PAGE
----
1. Determine what decade (approximately) would have been their "courting years." I usually define this as the time they were 15-25 years old and were dating, falling in love, getting married and so forth. 2. Go to Google or any search engine, or any university music library and find some of the popular music for that particular decade. For example of I Google "top 40 hits of the 1930's" I get things like "Over the Rainbow," "Begin the Beguine," "Will the Circle Be Unbroken" and lots more. I get not only the names, but links to those on iTunes, Rhapsody and other sites. I also have a whole CD of this music on my website. 3. Once you have found the music for your patient or loved one, you play it for them during a quiet time during the early part of the day...before or immediately after lunch are very good times. 4. If possible, play the music for them live on a piano, guitar, autoharp or other such instrument. Live music is always more powerful than recorded. If not possible, a CD or MP3 is also good. 5. Begin to interact with the patient as you listen. sitting across from them, taking their hands, making eye contact and singing along to the music is very beneficial. 6. If possible, get the patient up out of chair or bed and move to the music with them. You don't have to formally dance, but get them walking or stepping to the rhythms of the music. 7. Finally, repeat these same 5 or 6 familiar songs with them several times a day for at least a week. The next week you can take a different 5 or 6 songs. You will begin to see the benefits almost immediately. Our study showed that patients who had an individualized 30-minute music session each day: *slept better *ate better * were more sociable during the day * were less combative during the day and *required less sleeping or calming medications Is it worth the trouble? Absolutely! I have seen Alzheimer's patients literally "come to life again" during their music session. Give it a try and let me know if I can help you in any way.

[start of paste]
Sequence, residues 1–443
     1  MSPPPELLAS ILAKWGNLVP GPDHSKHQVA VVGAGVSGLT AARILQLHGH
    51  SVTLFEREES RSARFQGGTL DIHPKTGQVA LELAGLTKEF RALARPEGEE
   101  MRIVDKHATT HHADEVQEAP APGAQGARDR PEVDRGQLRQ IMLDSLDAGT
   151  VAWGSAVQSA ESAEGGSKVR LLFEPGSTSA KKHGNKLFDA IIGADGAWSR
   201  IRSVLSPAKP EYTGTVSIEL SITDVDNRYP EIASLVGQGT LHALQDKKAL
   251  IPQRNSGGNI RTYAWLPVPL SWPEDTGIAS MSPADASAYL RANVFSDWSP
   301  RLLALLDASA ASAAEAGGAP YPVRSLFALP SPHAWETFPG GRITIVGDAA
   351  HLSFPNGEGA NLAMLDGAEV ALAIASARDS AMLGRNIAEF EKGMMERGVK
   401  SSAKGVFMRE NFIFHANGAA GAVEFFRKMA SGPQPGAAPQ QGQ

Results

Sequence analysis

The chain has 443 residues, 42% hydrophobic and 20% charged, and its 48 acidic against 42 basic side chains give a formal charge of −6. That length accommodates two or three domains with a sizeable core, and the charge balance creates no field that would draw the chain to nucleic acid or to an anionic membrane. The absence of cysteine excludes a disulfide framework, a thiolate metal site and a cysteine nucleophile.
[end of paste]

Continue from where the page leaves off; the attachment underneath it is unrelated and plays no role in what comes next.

Tuesday, October 06, 2009